Posts tagged Territorial Seed
Home-Grown Potato Posh

Happy Potatoes Growing Early last summer on a trip to Napa Valley with my garden friends, we all bought German Butterball potato seed starts to take home and grow in our own gardens. German Butterball potatoes are posh to potato growers and fancy chefs for their unique golden color, natural buttery taste, flaky texture, and easy storage. It was a challenge I had to try.

You can grow potatoes in the ground, but try growing them in a container, for more control and convenience.

How To Grow Potatoes In A Container:

1) Start with a container that is 20" to 30" tall with drainage. It can be a plastic nursery container like the one I used, or a plastic trash can, half wine barrel, etc.

If you do use old containers, be sure to clean, scrub, and rinse well your container. Use a one part bleach to five parts water mixture to sanitize your container against disease, fungus, and whatever was previously in your container. Never use a container that had been used for chemicals or pesticides previously.

2) Fill your container with several inches of loose clean organic soil mixed with peat moss.

3) Before planting, I left my German Potato seed starts in a cool dry area for a few weeks to develop nice eyes. Place your ready potato seed starts in your container several inches deep in your container.

4) Seed potatoes are best bought in late winter or early spring, either from your favorite nursery or seed catalogs like Seed Savers Exchange or Territorial Seed. Always use certified, disease-free potato seeds about the size of a chicken egg. You might be disappointed if you use store bought potatoes which have sprouted eyes for yield and diseases reasons.

5) Your potato starts will start to grow, and when they have about 6-8 inches of foliage, add more of your soil mix covering again 1/2 of your stems and foliage. Repeat this every time you see a burst of new growth with your foliage. Each time you add your soil mixture, top feed your potato plants with 1/2 cup of cotton seed meal or your favorite liquid fertilizer. By doing this you encourage your potato plants to flower. Once they flower, stop fertilizing them.

6) Keep your potato plants moist in their container, but not soggy. Always have them in full sun. During your growing process, you can poke around for your potatoes and dig up a few to look at your progress.

7) After your plants stop flowering and their foliage begins turning yellow, your potatoes are reaching maturity and their full size. At this point, stop watering, and let the foliage tops die back. Let your potatoes cure in their soil for a few weeks. Dig up your potatoes out by hand to harvest.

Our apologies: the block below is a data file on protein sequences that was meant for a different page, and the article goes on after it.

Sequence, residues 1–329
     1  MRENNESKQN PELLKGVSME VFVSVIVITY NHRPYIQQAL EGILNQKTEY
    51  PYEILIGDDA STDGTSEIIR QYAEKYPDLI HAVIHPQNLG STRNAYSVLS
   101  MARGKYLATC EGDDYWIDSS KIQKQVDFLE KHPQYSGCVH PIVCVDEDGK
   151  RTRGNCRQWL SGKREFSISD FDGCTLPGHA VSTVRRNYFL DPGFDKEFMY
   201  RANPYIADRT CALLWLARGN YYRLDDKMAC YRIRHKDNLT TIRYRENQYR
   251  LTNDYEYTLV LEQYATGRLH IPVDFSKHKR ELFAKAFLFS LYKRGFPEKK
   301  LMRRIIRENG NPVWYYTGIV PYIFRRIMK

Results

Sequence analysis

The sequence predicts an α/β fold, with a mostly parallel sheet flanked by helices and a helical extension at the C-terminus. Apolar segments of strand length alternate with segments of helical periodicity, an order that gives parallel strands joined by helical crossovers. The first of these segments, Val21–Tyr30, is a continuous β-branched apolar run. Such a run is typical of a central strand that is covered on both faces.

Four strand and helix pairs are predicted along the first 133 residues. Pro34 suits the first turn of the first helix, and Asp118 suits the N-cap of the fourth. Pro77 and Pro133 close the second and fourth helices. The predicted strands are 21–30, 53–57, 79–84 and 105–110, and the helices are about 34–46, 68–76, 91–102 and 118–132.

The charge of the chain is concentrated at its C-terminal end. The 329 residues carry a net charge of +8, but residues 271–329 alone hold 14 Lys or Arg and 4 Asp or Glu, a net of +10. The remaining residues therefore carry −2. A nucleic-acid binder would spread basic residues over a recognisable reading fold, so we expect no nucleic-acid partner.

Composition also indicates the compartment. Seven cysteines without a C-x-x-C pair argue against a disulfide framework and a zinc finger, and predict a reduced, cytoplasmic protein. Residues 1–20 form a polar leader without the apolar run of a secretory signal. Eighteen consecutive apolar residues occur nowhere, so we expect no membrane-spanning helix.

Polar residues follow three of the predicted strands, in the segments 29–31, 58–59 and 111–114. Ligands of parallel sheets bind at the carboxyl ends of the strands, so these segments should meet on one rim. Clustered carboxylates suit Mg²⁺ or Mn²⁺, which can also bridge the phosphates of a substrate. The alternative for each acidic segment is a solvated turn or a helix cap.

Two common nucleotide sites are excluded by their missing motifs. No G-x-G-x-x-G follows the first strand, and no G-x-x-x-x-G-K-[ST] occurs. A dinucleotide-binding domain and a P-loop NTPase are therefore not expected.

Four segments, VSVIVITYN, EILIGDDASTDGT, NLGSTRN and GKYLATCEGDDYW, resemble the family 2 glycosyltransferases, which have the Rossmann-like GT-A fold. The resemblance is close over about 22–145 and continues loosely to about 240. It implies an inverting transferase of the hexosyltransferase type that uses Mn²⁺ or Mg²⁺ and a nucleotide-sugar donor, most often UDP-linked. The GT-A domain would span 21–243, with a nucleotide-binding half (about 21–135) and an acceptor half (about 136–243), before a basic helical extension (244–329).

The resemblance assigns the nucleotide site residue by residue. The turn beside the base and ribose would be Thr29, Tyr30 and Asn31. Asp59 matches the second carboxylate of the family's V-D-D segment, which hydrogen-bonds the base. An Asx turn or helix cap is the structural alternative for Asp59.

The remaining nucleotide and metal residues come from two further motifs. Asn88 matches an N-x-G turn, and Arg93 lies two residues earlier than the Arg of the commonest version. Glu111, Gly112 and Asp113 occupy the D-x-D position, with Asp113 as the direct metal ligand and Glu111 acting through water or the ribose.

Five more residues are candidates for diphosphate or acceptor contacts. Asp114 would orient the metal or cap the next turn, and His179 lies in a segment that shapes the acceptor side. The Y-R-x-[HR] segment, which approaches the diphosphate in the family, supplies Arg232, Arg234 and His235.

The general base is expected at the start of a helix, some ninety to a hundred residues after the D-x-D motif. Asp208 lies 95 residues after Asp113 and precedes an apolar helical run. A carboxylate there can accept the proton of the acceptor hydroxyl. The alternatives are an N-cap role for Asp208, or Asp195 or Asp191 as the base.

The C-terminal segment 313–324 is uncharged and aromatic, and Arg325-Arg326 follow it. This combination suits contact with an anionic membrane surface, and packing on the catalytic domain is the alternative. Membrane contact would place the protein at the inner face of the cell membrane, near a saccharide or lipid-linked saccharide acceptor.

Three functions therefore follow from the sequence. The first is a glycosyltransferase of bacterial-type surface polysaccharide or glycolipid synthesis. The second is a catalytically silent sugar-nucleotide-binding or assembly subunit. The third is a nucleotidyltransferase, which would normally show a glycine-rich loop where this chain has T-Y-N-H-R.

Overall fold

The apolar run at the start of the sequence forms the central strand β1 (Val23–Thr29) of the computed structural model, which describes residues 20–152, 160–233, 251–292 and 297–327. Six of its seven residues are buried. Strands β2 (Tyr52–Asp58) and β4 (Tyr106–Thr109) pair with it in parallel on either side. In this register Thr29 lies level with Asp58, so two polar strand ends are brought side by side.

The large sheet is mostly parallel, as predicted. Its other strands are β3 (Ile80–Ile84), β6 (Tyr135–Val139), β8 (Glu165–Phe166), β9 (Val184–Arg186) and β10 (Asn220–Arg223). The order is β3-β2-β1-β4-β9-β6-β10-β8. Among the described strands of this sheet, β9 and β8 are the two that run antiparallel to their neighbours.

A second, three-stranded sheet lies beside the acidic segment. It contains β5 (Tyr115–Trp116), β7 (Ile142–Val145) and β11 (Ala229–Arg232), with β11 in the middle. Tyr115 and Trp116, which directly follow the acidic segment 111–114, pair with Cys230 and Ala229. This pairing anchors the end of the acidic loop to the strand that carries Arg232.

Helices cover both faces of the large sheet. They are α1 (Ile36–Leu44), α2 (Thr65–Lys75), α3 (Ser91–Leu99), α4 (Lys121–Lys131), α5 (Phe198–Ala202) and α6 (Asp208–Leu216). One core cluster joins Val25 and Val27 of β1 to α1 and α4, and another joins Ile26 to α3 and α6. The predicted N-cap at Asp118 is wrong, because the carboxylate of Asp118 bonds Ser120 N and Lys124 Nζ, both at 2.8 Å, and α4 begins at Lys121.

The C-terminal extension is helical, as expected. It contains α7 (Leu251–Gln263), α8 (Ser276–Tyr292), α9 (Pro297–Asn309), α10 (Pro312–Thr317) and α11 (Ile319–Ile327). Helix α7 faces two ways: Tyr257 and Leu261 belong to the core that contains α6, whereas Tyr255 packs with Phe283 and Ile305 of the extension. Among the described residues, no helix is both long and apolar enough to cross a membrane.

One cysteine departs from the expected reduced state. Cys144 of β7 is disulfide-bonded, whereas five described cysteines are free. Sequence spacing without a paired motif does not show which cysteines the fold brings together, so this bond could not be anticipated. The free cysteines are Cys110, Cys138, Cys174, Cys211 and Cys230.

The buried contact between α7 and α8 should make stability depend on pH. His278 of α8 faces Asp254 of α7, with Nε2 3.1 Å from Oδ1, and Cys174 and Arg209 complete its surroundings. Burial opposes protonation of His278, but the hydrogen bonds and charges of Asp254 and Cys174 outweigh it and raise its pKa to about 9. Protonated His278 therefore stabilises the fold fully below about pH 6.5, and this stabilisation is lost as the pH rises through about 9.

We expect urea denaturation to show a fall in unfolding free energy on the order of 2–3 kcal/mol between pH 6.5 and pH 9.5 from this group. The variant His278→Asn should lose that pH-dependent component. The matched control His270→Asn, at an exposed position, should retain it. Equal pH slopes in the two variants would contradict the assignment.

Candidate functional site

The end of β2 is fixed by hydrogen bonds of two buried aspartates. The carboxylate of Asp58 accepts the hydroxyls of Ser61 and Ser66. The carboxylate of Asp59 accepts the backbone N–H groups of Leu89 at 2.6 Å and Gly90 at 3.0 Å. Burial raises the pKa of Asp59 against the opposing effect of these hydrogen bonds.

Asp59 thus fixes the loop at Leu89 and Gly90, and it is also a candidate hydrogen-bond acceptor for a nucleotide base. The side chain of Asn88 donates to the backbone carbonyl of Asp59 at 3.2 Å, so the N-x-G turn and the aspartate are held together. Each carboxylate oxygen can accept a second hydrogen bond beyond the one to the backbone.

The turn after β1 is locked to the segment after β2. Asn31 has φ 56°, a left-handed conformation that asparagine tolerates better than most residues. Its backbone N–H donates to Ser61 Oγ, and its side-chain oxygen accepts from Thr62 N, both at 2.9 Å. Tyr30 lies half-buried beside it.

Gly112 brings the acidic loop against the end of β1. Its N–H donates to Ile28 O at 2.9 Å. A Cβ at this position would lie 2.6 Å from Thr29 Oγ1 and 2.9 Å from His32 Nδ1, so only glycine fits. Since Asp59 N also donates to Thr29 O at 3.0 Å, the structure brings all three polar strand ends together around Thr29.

Garden-fresh potatoes delight your taste buds. Use your favorite potato recipe, and wow your family and friends.

I love to roast mine in the oven with a little olive oil, smoked sea salt, and freshly ground pepper. Yum.

Please share if you grow potatoes in your garden or in a container. Please share which potato favorites you like to grow.

Do You Grow Fava Beans?

Colorful Fava Beans I generally plant fava beans in my potager every year. I think it is because they remind me of Europe. Fava beans were a staple in northern Europe before the introduction and popularity of the potato. When I'm in Europe, I see fava beans for sale at outdoor markets, and mentioned often on restaurant menus. While fava beans have been cultivated in Europe for centuries, fava beans are relatively new to the American farm, market, and garden.

I absolutely adore their catchy black and white flowers which remind me of black-eyed peas. Oh yes, and I love their slightly nutty buttery taste, too. Fava beans are also known by the names; Broad beans, Windsor beans, English beans, and a few others. (Please note, in some cases, a few people can be allergic to, or have an enzyme deficiency to fava beans. I have never experienced this or heard of this personally before, but have seen it in my reading).

In mild climates such as Southern California, I sow my fava beans in the fall, and patiently wait 150-180 days later, for harvest in spring. Fava beans are a legume, and require a long, cool growing season. Fava beans are also considered a beneficial cover crop, because they are high in nitrogen, and return nitrogen back, enriching the soil where they are grown.

I plant my fava bean seeds in a large full sun plot in my potager, where their height won't affect my other growing vegetables. Seeds need to be planted about 2" deep, and 6" apart. Allow for about 24" between your rows. Mature fava bean plants, do not require staking or support, and can reach 4' to 5' high yielding apple green pods, 6" to 8" inches long, with 5 to 7 beans in each pod.

The best reason for growing fresh fava beans is their wonderful taste and versatility. You can utilize young tender fava bean pods whole, or shelled when mature. Fava beans can be used in light spring pastas, hearty soups, pureed as a dip, sauteed as a vegetable, or used as a substitute for lima beans. It seems like every year, I see yet another creative way to use fava beans in spring recipes.

If you are not familiar with fava beans, I whole-heartedly recommend growing them sometime. Fava bean seeds are easy to find through your favorite seed catalogs. Territorial Seed and Botanical Interests both carry fava beans. In the garden, fava beans are quite striking in appearance, easy to grow and cultivate, add nitrogen back to your soil, and reap a tasty spring legume.

Please share if you  are familiar with, and grow fava beans in your garden? Please comment on your favorite way to enjoy fava beans.

Thank you for supporting VintageGardenGal's sponsors!